Warrantless searches without consent: Now what?

Over the past month I’ve received more than 500 emails requesting I DO NOT CONSENT TO SEARCH stickers. The most common follow-on question I’ve received is: “If law enforcement doesn’t have a warrant to search my aircraft and I tell them that I do not consent to searches, but they search my aircraft anyway, what can I do about it?”

The first thing to do is get the name or badge number of the lead law enforcement officer or agent and all of the others officers or agents there. Obtaining both names and badge numbers is best. Write them down and note the law enforcement agency of each officer or agent.

Also, record the day, time, and location. If you have immediate access to a camera or smartphone during the search, snap a couple of photos or take a video, if possible.

Next, look to see if the airport has any security cameras that are pointing in your general direction; that’s another good form of visual documentation of the event. If there are witnesses, make sure you get their names and contact information.

The next thing to do is contact your attorney or legal service. They will want the information you recorded. You may want to consult with them first before going to the next step.

The third step in all of this is to contact the Federal Bureau of Investigation. The FBI is charged with the responsibility of investigating civil rights violations by law enforcement.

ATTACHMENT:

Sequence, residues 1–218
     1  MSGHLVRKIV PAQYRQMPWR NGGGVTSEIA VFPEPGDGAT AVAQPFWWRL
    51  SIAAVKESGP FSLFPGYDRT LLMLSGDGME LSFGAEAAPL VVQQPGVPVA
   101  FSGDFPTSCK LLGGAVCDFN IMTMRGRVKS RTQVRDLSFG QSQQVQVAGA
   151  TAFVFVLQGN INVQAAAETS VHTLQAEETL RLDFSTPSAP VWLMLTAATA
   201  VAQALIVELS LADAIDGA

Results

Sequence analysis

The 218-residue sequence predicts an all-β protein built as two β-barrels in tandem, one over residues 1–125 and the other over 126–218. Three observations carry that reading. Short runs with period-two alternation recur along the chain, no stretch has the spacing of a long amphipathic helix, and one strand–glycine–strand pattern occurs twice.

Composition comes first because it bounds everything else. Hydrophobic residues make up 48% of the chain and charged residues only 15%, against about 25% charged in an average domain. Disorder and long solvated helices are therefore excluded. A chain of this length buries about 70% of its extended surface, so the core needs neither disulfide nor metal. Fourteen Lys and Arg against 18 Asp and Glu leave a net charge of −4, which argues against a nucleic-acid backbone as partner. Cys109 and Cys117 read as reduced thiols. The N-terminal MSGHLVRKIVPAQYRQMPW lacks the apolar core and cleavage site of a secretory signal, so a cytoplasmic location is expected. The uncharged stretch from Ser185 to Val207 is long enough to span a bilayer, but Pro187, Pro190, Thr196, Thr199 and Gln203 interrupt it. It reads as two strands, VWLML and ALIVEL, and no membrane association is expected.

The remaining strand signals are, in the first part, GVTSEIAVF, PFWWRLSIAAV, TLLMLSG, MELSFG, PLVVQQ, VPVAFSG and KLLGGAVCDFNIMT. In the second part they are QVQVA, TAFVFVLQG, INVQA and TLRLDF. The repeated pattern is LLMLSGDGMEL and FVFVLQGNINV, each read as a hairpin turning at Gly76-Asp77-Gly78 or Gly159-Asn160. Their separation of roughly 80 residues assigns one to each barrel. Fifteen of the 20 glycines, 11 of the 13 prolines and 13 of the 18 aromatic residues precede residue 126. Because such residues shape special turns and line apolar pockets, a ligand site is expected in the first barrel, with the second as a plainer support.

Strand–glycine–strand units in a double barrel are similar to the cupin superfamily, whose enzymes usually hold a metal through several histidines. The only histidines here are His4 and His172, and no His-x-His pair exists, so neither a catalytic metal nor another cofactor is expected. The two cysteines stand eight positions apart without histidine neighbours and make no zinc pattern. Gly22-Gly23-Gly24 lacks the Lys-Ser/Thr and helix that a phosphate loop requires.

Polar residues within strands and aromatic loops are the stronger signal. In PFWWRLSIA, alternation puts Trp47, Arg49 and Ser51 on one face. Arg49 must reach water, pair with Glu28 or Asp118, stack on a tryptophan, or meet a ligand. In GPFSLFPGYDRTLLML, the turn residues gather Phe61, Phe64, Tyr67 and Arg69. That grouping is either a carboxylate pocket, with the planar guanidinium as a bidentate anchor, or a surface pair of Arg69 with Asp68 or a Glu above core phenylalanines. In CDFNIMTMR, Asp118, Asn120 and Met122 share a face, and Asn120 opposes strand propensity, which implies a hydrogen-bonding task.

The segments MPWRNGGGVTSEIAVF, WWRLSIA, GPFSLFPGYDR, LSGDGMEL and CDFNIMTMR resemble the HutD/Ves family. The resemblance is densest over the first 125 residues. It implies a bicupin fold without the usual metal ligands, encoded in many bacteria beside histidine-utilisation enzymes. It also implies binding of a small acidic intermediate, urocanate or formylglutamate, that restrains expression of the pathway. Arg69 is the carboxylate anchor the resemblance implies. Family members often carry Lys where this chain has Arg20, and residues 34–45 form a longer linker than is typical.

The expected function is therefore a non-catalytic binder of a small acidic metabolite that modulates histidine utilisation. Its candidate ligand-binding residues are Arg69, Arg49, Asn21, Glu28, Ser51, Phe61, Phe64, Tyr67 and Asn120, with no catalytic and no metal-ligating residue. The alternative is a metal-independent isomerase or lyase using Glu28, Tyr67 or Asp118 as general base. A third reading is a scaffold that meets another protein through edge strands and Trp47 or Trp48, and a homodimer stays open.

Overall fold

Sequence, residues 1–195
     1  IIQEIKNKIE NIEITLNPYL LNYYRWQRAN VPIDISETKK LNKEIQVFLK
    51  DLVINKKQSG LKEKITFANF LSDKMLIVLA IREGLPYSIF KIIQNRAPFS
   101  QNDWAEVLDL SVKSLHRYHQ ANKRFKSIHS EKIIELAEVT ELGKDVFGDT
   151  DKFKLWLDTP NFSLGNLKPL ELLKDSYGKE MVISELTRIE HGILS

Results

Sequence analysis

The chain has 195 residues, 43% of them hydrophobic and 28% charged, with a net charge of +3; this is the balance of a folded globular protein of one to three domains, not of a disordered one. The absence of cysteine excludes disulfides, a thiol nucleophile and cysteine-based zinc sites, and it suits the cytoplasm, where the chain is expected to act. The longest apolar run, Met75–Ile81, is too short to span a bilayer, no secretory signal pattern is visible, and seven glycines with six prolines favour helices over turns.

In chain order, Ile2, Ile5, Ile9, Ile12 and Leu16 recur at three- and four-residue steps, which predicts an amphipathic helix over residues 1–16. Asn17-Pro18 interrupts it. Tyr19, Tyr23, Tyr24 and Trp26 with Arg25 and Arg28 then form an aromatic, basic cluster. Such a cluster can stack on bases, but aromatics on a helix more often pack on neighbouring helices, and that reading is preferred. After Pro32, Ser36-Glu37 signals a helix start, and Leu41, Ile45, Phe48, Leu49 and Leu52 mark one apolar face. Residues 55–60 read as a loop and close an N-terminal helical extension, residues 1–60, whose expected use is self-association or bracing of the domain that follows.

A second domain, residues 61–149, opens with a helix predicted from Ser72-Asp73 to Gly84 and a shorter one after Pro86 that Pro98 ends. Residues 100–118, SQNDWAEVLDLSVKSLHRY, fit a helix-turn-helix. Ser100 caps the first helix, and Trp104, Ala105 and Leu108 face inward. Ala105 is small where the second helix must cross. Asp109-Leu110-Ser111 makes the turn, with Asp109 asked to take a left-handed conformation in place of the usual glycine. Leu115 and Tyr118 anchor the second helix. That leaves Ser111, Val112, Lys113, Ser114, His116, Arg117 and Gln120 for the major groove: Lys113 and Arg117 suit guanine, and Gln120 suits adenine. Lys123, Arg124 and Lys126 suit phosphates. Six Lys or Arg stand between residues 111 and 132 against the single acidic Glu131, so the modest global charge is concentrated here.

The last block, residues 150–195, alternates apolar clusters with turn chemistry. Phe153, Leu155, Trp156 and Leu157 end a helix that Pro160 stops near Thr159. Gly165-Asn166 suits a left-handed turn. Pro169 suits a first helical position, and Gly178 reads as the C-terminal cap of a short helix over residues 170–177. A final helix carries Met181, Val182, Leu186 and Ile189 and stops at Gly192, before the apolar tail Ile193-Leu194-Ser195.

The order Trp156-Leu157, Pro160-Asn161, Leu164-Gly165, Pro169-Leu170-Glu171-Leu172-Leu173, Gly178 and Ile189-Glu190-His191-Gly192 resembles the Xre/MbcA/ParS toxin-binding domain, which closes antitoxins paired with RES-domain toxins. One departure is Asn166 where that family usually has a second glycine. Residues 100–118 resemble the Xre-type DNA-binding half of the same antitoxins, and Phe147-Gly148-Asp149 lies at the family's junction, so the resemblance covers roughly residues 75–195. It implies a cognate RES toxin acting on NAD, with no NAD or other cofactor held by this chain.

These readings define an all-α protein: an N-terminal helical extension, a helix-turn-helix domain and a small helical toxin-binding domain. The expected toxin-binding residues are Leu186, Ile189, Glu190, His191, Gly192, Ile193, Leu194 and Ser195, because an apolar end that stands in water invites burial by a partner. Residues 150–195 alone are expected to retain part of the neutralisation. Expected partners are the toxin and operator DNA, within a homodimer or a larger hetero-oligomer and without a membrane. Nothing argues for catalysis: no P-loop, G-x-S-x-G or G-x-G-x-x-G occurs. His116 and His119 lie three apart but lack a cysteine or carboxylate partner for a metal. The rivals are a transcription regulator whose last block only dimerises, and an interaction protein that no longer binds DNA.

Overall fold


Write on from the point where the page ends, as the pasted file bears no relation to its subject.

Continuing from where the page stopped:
When I spoke with my local FBI Field Office concerning this topic, I learned that the FBI is especially interested if there was excessive use of force or any injury that occurred during the unwarranted search. But in any case, the FBI has the responsibility to investigate allegations of civil rights violations by law enforcement.

This website lists the 56 field offices of the FBI and their contact information.

You can also file your complaint directly with the U.S. Department of Justice in Washington, DC. Send them the same materials you provided your local FBI field office. Here’s the mailing address: US Department of Justice, 950 Pennsylvania Avenue, NW, Civil Rights Division, Criminal Section – PHB, Washington, DC 20530.

You can also receive more information concerning the complaint process from The U.S. Commission on Civil Rights or calling 80-552-6843 or 202-376-8513.

The U.S. Department of Homeland Security’s Office of the Inspector General is another path to initiate an investigation into alleged violations of civil rights and liberties — especially if excessive force was used. Remember, the use of handcuffs is a form of assault. To use the DHS HOTLINE to report a violation call 800-323-8603 or FAX to 202-254-4297. You can also write to: DHS Office of Inspector General/MAIL STOP 0305, Attention: Office of Investigations—Hotline, 245 Murray Lane SW, Washington, DC 20528-0305.

You can also click here to use the DHS Office of the Inspector General’s Allegation Form.

If your civil rights or liberties have been violated by law enforcement at any level, you are not powerless. Being a good citizen does not mean sacrificing your civil rights and liberties.


  1. Bob Atkins says

    Welcome to the police state that we all voted for over the last 15 years. Technically anything found during a warrantless search is inadmissible in court so the bonehead that is searching your aircraft might be doing you a favor however, I think that today the lack of a warrant no longer matters to the court either – they will just used the national security watchword to justify stripping you of your rights.

    Having the FBI investigate a warrantless search is like calling a wolf to protect the sheep.

  2. says

    I would advise caution when photographing police actions. Law officers that are willing to break the law and perform warrantless searches will probably tell you it is against the law to photograph them, especially if they are from the DEA. Try taking a picture of their credentials or early on to gauge their reaction.

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